The Hohenpeissenberg aerosol formation experiment (HAFEX): a long-term study including size-resolved aerosol, H2SO4, OH, and monoterpenes measurements
1University of Birmingham, Division of Environmental Health and Risk Management, Birmingham, B15 2TT, UK
2German Weather Service, Meteorological Observatory Hohenpeissenberg (MOHp), Albin-Schwaiger-Weg 10, 83282 Hohenpeissenberg, Germany
3Institute for Tropospheric Research, Permoserstrasse 15, 04303 Leipzig, Germany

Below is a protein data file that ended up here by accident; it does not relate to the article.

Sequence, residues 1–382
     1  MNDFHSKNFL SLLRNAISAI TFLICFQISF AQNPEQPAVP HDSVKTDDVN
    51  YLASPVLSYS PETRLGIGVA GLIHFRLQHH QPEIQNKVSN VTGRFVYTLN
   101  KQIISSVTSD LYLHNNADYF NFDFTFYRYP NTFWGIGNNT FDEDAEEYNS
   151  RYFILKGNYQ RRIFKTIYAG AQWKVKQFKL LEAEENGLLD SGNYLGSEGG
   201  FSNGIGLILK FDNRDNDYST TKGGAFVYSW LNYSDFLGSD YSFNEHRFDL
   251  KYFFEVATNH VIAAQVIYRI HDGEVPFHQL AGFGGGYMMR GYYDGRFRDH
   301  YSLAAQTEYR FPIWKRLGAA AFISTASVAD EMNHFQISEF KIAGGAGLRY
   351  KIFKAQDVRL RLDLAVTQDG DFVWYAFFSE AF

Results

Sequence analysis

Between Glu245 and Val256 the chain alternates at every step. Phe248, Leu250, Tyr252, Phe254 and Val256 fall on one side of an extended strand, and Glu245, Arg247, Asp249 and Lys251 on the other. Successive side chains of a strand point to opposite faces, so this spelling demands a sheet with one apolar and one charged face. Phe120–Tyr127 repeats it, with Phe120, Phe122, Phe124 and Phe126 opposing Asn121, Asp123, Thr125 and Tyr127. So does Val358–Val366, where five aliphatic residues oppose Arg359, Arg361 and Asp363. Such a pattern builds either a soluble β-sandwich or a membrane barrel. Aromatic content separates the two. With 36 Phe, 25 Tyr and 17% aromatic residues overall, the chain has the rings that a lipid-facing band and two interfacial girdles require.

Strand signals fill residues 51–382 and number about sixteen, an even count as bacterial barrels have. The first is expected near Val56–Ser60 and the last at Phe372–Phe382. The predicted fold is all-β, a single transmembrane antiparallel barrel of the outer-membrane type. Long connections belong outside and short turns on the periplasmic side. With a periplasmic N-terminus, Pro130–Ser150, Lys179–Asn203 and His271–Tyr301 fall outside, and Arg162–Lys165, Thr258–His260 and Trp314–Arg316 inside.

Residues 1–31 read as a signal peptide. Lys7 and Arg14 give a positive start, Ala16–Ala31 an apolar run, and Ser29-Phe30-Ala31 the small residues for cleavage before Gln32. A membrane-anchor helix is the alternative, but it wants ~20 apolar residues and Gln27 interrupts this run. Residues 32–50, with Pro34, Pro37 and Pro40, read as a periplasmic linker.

Abstract. Ambient aerosol size distributions (> 3 nm) and OH, H2SO4, and terpene concentrations were measured from April 1998 to August 2000 at a rural continental site in southern Germany. New particle formation (NPF) events were detected on 18% of all days, typically during midday hours under sunny and dry conditions. Surprisingly, most NPF events occurred during spring and winter, whereas the concentrations of aerosol precursors (H2SO4, monoterpenes) clearly peaked in summer. The number of newly formed particles correlated significantly with solar irradiance and ambient levels of H2SO4 and anti-correlated, especially in the cold season, with relative humidity and the condensational sink provided by pre-existing particles. The particle formation rates were experimentally estimated to be on order of 1 cm-3 s-1. Binary homogeneous H2SO4-H2O nucleation rates calculated from measured H2SO4 were substantially lower than this, even if assuming particle formation under the thermodynamic conditions on top of the boundary layer. The nucleation mode particle growth rates derived from the evolution of the size distribution were 2.6 nm h-1 on average, with a fraction of 0.7 nm h-1 attributed to the co-condensation of H2SO4/H2O/NH3. Turn-over rate calculations of measured monoterpenes and aromatic hydrocarbons suggest that especially the oxidation products of monoterpenes may contribute to the observed particle growth, although no indications were found that the reaction products of organic compounds would generally control the occurrence of NPF events.